So do you think this configuration is safe, or it will corrupt your drive one day?

For me it’s pretty safe. I did a lot of bad stuffs, including force reboot(both host and guest), force shutdown during Windows Update, and delete then recreate the Windows boot loader accidentally. If I shutdown Windows by force during update when running physically, then boot it in VM, Windows may fail to boot. But this can be easily solved by run it again physically and let everything finish. Sometimes I need a chkdsk in Windows. But I never used the Windows C: volume in Linux while running the Windows in the volume in a VM: this may cause damage!!!

Am I satisfied?

However, I don’t use this configuration frequently, because Win10 has too much stuff running in the background( mostly spyware and malware I guess =) ), so my laptop heats a lot and the fan keeps running at high speed. I hate both.

Win7 is better for me. But probably Win7 cannot be booted both in VM and physical machine as Win10. I tried it but failed, and didn’t try further, though I think I can succeed. I gave up partly because my 8th generation Intel processor does not officially support Win7. And as Virtualbox doesn’t support Win7 to boot in UEFI mode but I prefer Virtualbox to VMWare and others. Why UEFI mode? because my disk is GPT, it also shows up as GPT in VM, and GPT disk doesn’t support BIOS boot. If you really want to try disk, think twice. What I get best is, I copied the Win7 in Virtualbox to a physical partition(GPT disk), setup UEFI boot in VMWare successfully, then I tried to boot this monster physically. Really crazy. It went to black screen, but I can here the boot sound, and after typing Windows+R then shutdown /s /t 0 then Enter, I can here the shutdown sound and the computer turned off peacefully. It’s the driver problem I thought, if I were able to inject drivers, I may succeed, and I’m really close to success. Tired of it though. Never want to try again.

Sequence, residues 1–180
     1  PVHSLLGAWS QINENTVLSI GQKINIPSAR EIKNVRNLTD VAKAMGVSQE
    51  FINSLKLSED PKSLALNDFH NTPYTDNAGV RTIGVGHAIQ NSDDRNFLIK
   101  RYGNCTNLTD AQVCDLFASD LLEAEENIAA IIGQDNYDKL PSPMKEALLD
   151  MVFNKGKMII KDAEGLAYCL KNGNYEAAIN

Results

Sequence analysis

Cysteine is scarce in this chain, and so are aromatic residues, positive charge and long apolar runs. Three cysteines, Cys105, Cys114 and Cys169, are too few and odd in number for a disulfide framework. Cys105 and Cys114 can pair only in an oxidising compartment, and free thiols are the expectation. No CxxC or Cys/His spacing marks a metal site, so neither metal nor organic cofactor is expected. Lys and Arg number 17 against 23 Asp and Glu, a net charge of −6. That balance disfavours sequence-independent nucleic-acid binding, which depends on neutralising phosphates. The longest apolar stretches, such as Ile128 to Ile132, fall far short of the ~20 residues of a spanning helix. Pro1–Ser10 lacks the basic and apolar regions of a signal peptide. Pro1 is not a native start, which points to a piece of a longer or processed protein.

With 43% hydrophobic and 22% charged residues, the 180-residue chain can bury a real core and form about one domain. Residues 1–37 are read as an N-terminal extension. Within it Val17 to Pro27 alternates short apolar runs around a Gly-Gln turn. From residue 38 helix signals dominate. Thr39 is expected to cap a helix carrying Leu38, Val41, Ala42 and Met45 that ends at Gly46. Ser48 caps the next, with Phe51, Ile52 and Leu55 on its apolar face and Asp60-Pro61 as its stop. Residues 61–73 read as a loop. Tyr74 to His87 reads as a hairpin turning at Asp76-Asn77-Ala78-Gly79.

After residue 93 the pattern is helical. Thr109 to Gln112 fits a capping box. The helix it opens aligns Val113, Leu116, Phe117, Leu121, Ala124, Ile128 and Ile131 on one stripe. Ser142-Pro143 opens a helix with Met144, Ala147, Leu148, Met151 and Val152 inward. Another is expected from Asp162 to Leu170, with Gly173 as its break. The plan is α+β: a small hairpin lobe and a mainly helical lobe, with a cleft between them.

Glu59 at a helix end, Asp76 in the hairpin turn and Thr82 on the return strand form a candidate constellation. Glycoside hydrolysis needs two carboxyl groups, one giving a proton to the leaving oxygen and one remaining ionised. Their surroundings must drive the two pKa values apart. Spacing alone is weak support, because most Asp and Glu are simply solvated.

Also, this requires you to run the VM as root because reading physical partitions needs root. And as my primary VM, I wants to share host folders with the VM. But the VM runs as root, the files the VM created is owned by root, but the folders I want to share belongs to me the user, not me the root. These permission problems are awful.

5. “Dual” Boot VHD